The path is about cleared to a new business market for Danish-German engine supplier MAN Diesel & Turbo, says the company following a new contract with Qatar-based carrier Nakilat to rebuild one of the company's ships for sailing on LNG, Christian Ludwig, Head of Retrofit & Upgrade, tells ShippingWatch.
"We've just signed a contract for a pilot project, where we will rebuild the engines from regular oil consuming engines to dual fuel engines that also operate on LNG," he says.
He declines to reveal the price of the contract.
Nakilat has a fleet of 14 130,000 dwt gas vessels (Q-Max) and 31 smaller gas ships (Q-Flex), all currently sailing on MAN Diesel's two-stroke engines, with a possibility of retrofitting to the new ME-GI system, which will now first be tested on one ship. In the second quarter 2015 the ship will be rebuilt in Qatar at the Nkom shipyard, also part of the Nakilat group. A job that requires little work on the engine itself, serving instead as an add-on with a fuel-gas supply system ensuring that the ship can sail on the gas that it is already carrying.
And if MAN Diesel & Turbo does a successful job this contract could open the door wide to a whole new business area, which the supplier has spent many years waiting for.
"The point for Nakilat is to test the system and watch it in action, and hopefully things will go very well, and they'll subsequently evaluate whether to install the new system on a bigger part of their fleet. It's a big thing for us. We believe this is going to bring a great return over time. There's definitely a big market for this," says Christian Ludwig.
MAN Diesel & Turbo has looked to gas as a future market for many years, and the Nakilat pilot project could indicate that the market is getting ripe. Also, the contract sends an important signal to the rest of the world, says Christian Ludwig.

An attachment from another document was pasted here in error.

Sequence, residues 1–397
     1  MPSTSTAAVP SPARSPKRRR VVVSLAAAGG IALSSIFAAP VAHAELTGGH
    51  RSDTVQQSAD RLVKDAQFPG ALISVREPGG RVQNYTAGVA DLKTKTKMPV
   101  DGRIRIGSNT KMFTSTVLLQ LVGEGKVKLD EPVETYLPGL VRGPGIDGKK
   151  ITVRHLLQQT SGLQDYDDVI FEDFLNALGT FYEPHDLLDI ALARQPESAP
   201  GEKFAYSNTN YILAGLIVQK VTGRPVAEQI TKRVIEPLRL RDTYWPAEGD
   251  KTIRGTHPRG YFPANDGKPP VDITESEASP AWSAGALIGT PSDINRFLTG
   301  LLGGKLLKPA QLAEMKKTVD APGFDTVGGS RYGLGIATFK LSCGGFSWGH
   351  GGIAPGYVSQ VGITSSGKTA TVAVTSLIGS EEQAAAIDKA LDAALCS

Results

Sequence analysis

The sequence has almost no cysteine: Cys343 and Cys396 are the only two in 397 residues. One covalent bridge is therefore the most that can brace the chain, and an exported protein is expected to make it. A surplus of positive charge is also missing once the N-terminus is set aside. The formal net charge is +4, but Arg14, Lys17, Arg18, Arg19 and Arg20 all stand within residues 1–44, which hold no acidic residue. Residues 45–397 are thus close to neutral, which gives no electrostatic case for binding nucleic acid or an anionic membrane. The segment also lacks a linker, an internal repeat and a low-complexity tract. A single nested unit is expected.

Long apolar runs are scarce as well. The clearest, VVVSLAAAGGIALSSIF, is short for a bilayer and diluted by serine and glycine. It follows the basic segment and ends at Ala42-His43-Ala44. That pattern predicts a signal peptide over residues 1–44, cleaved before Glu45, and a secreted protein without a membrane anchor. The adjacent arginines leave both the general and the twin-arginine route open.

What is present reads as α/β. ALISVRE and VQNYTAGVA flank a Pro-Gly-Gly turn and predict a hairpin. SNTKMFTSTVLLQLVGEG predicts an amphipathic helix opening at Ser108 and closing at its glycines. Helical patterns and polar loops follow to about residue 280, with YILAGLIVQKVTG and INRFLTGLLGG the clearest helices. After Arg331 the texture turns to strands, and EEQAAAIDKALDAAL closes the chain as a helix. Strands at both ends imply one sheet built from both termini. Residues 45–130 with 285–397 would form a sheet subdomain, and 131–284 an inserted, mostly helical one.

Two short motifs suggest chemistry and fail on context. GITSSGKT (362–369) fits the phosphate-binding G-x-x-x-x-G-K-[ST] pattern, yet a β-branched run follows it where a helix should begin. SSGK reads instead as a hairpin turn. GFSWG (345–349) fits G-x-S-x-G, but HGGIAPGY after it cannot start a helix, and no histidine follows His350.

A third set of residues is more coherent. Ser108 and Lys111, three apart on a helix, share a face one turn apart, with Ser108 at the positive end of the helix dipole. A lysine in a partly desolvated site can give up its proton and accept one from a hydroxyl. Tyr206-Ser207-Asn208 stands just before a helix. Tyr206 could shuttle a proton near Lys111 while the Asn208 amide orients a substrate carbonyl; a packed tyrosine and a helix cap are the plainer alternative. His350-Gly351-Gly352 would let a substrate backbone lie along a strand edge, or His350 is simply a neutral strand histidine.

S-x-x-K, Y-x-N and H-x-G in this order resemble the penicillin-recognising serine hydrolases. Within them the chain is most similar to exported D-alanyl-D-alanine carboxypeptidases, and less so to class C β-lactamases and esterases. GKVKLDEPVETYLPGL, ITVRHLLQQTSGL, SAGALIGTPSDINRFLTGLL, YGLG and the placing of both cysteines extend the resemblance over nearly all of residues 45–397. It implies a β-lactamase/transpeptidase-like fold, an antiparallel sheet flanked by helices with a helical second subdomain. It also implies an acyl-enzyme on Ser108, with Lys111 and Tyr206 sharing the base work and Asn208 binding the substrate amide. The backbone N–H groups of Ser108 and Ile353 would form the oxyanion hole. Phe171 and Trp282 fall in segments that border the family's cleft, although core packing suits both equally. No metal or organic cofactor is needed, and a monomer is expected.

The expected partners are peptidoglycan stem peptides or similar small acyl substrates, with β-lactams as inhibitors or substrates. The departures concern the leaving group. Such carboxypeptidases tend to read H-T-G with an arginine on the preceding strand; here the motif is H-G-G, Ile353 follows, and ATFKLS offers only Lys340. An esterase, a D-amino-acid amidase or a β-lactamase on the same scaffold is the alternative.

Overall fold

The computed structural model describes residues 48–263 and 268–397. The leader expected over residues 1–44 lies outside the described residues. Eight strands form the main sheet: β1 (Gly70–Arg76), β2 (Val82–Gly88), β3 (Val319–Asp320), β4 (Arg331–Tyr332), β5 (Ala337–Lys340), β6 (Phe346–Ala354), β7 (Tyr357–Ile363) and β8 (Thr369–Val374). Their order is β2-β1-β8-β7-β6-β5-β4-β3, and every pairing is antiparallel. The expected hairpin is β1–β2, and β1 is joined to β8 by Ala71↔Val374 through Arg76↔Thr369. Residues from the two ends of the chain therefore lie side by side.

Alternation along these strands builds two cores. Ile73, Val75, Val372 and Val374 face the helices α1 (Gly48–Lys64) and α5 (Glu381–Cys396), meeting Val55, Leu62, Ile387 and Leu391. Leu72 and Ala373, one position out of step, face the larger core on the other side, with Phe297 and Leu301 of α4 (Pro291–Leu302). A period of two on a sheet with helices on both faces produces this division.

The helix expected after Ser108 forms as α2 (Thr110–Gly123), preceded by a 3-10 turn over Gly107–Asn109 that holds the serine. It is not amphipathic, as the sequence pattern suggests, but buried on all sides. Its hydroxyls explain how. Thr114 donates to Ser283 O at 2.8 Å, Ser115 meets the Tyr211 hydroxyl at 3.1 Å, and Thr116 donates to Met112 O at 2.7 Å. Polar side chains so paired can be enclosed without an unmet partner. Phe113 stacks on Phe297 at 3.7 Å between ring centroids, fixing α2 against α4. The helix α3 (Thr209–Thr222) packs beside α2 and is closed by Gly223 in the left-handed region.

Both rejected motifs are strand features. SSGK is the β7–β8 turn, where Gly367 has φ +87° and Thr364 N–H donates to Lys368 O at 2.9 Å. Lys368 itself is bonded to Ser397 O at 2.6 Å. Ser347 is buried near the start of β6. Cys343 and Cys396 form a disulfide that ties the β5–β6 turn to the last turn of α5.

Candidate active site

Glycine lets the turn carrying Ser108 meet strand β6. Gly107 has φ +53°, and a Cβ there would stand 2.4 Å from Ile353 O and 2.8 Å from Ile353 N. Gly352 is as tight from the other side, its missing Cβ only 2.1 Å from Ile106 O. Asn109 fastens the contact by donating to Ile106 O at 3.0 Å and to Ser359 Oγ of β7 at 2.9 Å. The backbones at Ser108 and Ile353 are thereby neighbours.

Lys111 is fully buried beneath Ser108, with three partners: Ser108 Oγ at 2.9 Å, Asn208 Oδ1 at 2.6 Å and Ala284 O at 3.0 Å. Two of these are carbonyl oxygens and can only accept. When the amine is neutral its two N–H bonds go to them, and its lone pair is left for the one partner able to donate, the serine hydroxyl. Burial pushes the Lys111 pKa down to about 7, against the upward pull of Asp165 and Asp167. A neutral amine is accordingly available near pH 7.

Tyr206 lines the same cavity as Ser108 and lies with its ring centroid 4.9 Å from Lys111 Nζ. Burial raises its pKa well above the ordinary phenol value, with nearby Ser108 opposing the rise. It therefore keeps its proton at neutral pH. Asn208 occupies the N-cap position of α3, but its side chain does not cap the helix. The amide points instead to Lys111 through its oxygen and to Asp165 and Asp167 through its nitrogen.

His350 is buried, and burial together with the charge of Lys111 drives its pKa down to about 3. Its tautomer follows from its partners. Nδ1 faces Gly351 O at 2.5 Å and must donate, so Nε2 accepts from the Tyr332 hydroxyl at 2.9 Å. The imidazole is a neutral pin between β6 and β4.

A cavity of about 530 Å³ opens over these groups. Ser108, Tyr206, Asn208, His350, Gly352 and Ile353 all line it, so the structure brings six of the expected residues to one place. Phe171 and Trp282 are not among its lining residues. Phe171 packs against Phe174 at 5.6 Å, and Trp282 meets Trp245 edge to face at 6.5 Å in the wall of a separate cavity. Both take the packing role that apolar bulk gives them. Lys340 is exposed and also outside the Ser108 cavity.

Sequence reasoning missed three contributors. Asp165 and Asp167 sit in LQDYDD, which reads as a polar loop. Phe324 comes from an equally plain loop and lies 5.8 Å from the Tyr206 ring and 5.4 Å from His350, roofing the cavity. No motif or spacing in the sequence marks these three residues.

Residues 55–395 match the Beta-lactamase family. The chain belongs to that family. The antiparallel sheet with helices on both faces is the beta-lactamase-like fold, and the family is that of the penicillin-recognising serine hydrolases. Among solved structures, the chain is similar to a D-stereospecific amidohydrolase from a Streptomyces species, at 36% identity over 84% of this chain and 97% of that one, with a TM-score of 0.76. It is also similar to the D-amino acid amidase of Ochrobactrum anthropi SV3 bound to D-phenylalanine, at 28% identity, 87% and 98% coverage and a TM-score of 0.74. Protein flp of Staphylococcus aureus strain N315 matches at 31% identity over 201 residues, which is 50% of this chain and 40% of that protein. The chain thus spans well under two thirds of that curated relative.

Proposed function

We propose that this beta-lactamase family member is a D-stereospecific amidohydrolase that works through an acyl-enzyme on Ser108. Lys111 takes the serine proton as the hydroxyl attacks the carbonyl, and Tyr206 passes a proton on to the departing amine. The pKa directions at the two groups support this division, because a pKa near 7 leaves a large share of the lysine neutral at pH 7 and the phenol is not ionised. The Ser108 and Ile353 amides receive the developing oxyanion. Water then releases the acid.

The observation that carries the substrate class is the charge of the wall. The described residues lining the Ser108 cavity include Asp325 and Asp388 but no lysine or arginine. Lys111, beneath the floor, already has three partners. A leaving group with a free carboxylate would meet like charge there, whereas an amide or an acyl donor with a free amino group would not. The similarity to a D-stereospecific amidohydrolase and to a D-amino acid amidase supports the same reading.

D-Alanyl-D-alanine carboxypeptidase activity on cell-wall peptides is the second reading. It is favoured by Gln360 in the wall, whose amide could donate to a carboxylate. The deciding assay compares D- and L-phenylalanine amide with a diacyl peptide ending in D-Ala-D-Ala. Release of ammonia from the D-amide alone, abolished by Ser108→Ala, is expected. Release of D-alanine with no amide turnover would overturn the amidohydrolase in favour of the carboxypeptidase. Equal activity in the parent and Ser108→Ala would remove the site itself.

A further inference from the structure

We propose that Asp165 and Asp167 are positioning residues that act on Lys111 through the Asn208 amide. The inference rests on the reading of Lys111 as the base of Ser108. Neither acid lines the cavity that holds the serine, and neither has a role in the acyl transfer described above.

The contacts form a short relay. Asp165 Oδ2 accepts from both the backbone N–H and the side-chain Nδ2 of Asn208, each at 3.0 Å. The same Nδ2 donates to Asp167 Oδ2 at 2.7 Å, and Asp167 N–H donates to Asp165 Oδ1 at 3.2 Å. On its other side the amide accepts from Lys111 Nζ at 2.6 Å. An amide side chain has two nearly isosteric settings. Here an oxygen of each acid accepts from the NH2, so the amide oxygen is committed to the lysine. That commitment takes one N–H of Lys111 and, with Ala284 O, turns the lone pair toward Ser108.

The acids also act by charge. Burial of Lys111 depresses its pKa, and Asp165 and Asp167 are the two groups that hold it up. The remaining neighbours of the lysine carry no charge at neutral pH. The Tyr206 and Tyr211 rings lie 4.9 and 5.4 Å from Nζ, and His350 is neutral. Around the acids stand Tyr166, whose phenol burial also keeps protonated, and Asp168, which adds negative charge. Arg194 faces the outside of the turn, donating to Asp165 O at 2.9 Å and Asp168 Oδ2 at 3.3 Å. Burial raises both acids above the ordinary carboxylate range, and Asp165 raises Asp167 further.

"It's important for the market to see that it's possible to do something existing ships. We're seeing a lot of demand and interest from American carriers in particular in terms of rebuilding ships."
This is not least because the price of a newbuilding in the United States is extremely high, combined with the high number of older ships that will now have to comply with the new ECA sulphur regulations. And the price of gas in the United States is low, which could make it even more attractive for carriers to retrofit their ships. According to Christian Ludwig, the big price difference between gas and MGO will likely make it attractive to rebuild ships of the ages 20 to 25 years for sailing on gas. As the ships operate under the US Jones Act, taking them abroad requires the permission of the US authorities, the EPA, but one shipping company was granted permission to do so in 2013:
"With that in mind, along with the interest we're seeing from American carriers, we believe that there is a potential market for retrofitting. I believe that we'll be nearing a few deals by the end of the year. We have some carriers who have been through this process with the authorities," says Christian Ludwig.
Ready for the job
The first step for the supplier now is to do the job for Qatar-based Nakilat, and to ensure a successful process the company has hired three or four new employees to handle the project together with one or two more people during the next year and half, out of Copenhagen, while other teams will be involved as well.
"This is the first time in a very long while that we'll be doing this kind of project business, and of course we need to show that we're completely in control of it, and we are. We've been practicing for the last year and a half to two years."
Nakilat is part of the rich Qatar-based shipping and offshore group Milaha. Milaha's Chairman is Aki Jassin Al-Thani, who incidentally also serves as a key member of the board at United Arab Shipping Company (UASC). ShippingWatch interviewed Sheikh Ali, as he is often called, in September last year, an interview where he pointed to, among other things, the Milaha group's ambitious expansion plans.